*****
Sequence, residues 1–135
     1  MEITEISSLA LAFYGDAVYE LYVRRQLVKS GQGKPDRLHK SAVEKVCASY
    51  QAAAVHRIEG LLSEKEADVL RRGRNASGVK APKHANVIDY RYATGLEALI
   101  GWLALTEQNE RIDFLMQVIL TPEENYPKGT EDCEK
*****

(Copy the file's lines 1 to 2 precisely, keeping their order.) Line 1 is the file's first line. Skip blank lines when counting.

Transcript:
Sequence, residues 1–135
     1  MEITEISSLA LAFYGDAVYE LYVRRQLVKS GQGKPDRLHK SAVEKVCASY